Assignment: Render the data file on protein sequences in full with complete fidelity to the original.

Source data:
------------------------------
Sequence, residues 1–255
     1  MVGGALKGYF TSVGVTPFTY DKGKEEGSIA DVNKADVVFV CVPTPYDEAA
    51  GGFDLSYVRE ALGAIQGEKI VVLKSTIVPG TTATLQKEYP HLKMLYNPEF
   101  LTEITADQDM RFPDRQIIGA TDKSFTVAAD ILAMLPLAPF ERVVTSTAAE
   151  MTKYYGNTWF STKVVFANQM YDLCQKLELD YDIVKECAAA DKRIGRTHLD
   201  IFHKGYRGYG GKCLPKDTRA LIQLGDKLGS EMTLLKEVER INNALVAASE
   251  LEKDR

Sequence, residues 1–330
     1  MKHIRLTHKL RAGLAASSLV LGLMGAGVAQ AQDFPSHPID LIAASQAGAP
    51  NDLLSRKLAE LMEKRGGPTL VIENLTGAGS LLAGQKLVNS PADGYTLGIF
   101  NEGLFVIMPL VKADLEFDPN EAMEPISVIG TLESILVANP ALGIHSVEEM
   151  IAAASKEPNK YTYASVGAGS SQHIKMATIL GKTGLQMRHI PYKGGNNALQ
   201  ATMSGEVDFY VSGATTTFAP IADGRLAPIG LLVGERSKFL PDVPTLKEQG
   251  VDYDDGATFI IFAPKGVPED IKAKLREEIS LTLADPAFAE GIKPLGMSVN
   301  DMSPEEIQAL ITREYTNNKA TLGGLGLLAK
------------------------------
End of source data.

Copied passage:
Sequence, residues 1–255
     1  MVGGALKGYF TSVGVTPFTY DKGKEEGSIA DVNKADVVFV CVPTPYDEAA
    51  GGFDLSYVRE ALGAIQGEKI VVLKSTIVPG TTATLQKEYP HLKMLYNPEF
   101  LTEITADQDM RFPDRQIIGA TDKSFTVAAD ILAMLPLAPF ERVVTSTAAE
   151  MTKYYGNTWF STKVVFANQM YDLCQKLELD YDIVKECAAA DKRIGRTHLD
   201  IFHKGYRGYG GKCLPKDTRA LIQLGDKLGS EMTLLKEVER INNALVAASE
   251  LEKDR

Sequence, residues 1–330
     1  MKHIRLTHKL RAGLAASSLV LGLMGAGVAQ AQDFPSHPID LIAASQAGAP
    51  NDLLSRKLAE LMEKRGGPTL VIENLTGAGS LLAGQKLVNS PADGYTLGIF
   101  NEGLFVIMPL VKADLEFDPN EAMEPISVIG TLESILVANP ALGIHSVEEM
   151  IAAASKEPNK YTYASVGAGS SQHIKMATIL GKTGLQMRHI PYKGGNNALQ
   201  ATMSGEVDFY VSGATTTFAP IADGRLAPIG LLVGERSKFL PDVPTLKEQG
   251  VDYDDGATFI IFAPKGVPED IKAKLREEIS LTLADPAFAE GIKPLGMSVN
   301  DMSPEEIQAL ITREYTNNKA TLGGLGLLAK